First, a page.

Women in cybersecurity need to take more risks

Her advice for any woman who is new to cybersecurity, whether she’s looking for technical mentorship or peer sharing, is to seek out those people with whom you can meet and share stories.  “It could be someone you are working with that you can meet with to talk through successes or challenges. Approach somebody and let them known that you’re new or mid career. It could start even as a friend, any of those people you naturally gravitate toward, or somebody in a leadership role,” Sethi said.

http://www.csoonline.com/article/3194867/it-careers/women-in-cybersecurity-need-to-take-more-risks.html

 Brokers are failing on cyber insurance – report

“This figure is quite shocking particularly when you put some context around it. 90% of our cyber claims come from businesses with less than £50 million in revenue and we get more than one claim every single day,” said Graeme Newman, chief innovation officer at CFC. “This shows just how vulnerable SMEs are to cyber attacks. I think it sadly demonstrates that cyber insurance is still well outside the comfort zone of many brokers who are providing their clients with a wide range of commercial covers.

http://www.insurancebusinessmag.com/uk/news/breaking-news/brokers-are-failing-on-cyber-insurance–report-67053.aspx

 Data leak insurance costs in US could reach $5bn a year

“Data breaches can cost companies hundreds of millions of dollars, and our modelling shows the overall insurable loss across US businesses from data exfiltration is running at over $5 billion a year,” said RMS senior vice president Andrew Coburn. “The past year has also demonstrated the potential for future systemic cyber catastrophes, for which overall losses would far exceed $5 billion.”

http://www.intelligentinsurer.com/news/data-leak-costs-in-us-could-reach-5bn-a-year-11850

 If you installed HandBrake from the official site, your Mac may be hosed

Over a four-day period ending Saturday, a download mirror located at download.handbrake.fr delivered a version of the DVD ripping and video conversion software that contained a backdoor known as Proton, HandBrake developers warned over the weekend. At the time that the malware was being distributed to unsuspecting Mac users, none of the 55 most widely used antivirus services detected it. That’s according to researcher Patrick Wardle, who reported results here and here from the VirusTotal file-scanning service.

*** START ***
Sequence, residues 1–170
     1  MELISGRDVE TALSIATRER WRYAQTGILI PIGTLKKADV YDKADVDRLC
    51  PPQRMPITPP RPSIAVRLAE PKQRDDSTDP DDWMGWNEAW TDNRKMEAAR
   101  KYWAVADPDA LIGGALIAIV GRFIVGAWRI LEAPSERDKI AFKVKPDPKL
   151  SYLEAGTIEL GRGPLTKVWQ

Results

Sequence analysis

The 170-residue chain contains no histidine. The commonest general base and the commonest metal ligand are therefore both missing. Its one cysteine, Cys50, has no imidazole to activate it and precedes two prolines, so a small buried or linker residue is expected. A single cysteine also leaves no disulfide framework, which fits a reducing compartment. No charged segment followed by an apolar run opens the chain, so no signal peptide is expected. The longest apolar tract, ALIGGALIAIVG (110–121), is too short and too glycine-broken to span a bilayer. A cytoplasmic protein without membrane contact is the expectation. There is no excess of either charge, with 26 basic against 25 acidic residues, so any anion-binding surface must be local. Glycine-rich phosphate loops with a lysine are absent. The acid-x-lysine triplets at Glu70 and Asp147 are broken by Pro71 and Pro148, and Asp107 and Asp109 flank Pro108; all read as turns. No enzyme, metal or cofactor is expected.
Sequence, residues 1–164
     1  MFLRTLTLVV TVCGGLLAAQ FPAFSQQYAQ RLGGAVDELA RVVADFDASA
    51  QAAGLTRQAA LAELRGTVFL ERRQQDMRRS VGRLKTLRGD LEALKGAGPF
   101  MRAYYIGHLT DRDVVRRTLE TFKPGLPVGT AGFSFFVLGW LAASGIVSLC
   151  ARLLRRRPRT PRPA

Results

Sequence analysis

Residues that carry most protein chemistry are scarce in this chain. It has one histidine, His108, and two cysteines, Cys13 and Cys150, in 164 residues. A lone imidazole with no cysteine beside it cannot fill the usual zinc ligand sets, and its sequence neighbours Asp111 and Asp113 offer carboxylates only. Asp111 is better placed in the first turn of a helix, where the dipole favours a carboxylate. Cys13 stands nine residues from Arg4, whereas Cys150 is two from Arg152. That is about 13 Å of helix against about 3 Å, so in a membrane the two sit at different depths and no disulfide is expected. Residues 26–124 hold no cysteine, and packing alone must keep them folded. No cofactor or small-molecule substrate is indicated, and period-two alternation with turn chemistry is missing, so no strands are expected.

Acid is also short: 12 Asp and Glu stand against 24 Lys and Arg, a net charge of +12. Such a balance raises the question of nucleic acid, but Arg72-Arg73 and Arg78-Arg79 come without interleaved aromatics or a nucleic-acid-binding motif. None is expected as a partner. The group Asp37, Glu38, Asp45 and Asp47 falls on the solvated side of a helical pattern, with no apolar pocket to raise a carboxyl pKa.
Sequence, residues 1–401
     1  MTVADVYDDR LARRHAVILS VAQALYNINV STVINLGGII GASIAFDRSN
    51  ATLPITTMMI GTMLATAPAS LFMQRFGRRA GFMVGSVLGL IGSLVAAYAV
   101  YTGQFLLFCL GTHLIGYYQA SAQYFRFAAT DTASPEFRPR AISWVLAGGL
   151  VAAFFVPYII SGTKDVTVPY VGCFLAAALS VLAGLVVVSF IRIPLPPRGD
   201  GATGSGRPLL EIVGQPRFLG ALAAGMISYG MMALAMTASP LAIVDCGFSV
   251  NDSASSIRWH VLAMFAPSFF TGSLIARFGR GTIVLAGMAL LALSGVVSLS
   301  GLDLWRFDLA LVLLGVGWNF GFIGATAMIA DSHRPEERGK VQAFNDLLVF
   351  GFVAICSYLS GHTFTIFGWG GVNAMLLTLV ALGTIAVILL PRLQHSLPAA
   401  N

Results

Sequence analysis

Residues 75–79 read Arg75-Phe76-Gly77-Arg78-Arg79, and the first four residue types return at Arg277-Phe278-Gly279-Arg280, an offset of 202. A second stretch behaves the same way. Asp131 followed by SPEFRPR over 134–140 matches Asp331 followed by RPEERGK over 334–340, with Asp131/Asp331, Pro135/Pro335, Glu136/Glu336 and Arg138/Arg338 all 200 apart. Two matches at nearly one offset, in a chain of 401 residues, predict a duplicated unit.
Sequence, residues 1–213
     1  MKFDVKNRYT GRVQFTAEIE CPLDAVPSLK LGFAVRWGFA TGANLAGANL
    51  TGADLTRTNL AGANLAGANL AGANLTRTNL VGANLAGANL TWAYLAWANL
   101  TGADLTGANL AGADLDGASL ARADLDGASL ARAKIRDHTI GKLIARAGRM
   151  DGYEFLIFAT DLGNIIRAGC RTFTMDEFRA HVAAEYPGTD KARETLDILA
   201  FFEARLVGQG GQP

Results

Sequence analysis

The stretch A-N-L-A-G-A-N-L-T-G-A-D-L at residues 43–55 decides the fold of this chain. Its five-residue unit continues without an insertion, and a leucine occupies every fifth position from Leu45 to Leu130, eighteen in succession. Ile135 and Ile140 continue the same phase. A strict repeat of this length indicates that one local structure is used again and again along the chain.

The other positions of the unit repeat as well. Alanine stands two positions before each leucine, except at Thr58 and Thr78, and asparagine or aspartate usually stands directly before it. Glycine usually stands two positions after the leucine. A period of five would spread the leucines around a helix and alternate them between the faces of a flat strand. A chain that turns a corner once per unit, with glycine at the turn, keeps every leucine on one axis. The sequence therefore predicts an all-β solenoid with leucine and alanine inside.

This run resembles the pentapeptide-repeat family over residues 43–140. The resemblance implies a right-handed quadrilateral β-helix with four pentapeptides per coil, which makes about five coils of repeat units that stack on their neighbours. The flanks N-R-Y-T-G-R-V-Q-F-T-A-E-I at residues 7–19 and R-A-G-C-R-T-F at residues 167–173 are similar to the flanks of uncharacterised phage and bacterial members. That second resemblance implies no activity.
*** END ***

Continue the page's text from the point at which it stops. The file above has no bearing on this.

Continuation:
https://arstechnica.com/security/2017/05/mac-users-installing-popular-dvd-ripper-get-nasty-backdoor-instead/

 Wormable Windows Zero Day Reported to Microsoft

Google Project Zero researcher Tavis Ormandy has a long legacy of finding unknown, critical software vulnerabilities to his credit. So when he calls a new bug the worst in recent memory, it’s likely not hyperbole. On Saturday, Ormandy tweeted that he and colleague Natalie Silvanovich has found a Windows remote code execution vulnerability that he labeled “crazy bad.” “Attack works against a default install, don’t need to be on the same LAN and it’s wormable,” Ormandy said in a second tweet.

https://threatpost.com/wormable-windows-zero-day-reported-to-microsoft/125513/

 BEC attacks have hit thousands, top $5 billion in losses globally

At their core, BEC attacks are a variation on Social Engineering, designed to target a person’s normal routine. Social Engineering isn’t easily detected or defeated, so when the criminals ask for something that isn’t unusual or out of victim’s comfort zone, the attack is often successful. By sticking to the routine, the criminals are taking advantage of lax policies and informal communications via email at work.

http://www.csoonline.com/article/3195010/security/bec-attacks-have-hit-thousands-top-5-billion-in-losses-globally.html

 Anti Public Combo List with Billions of Accounts Goes on Dark Web for Sale

The data Hunt discovered was in two lists with one list containing 457,962,538 accounts while the second one from Exploit.in containing 593,427,119 accounts. Now, it has emerged that in two different listings, two vendors going by the online handles of “wildfruit2” and “dbworld” are selling 457,962,538 accounts from anti-public combo list on a popular Dark Web marketplace. Both listings contain email addresses and clear text passwords of users around the world.

https://www.hackread.com/anti-public-combo-accounts-on-dark-web/

 DHS Report Outlines Feds’ Mobile Security Threats

Mobile devices used by federal government workers are potentially at a higher risk of attack than those used by consumers, solely for the mere fact that they are public-sector employees, according to a report presented to Congress last week by the US Department of Homeland Security. Cybercriminals targeting government workers’ mobile devices view them as a potential channel to accessing back-end computer systems rich in data containing sensitive federal government information and private information on millions of Americans, according to the DHS.

http://www.darkreading.com/mobile/dhs-report-outlines-feds-mobile-security-threats-/d/d-id/1328821?

 US device searches at borders ignite resistance

Under current guidelines, CBP can search a device without “any suspicion” of a crime and with no court-ordered warrant, said Esha Bhandari, a staff attorney with the ACLU Speech, Privacy, and Technology Project. “We think that’s a Fourth Amendment violation,” she said. “They can essentially conduct these searches in a suspicionless manner for no reason at all.”

http://www.csoonline.com/article/3195149/security/us-device-searches-at-borders-ignite-resistance.html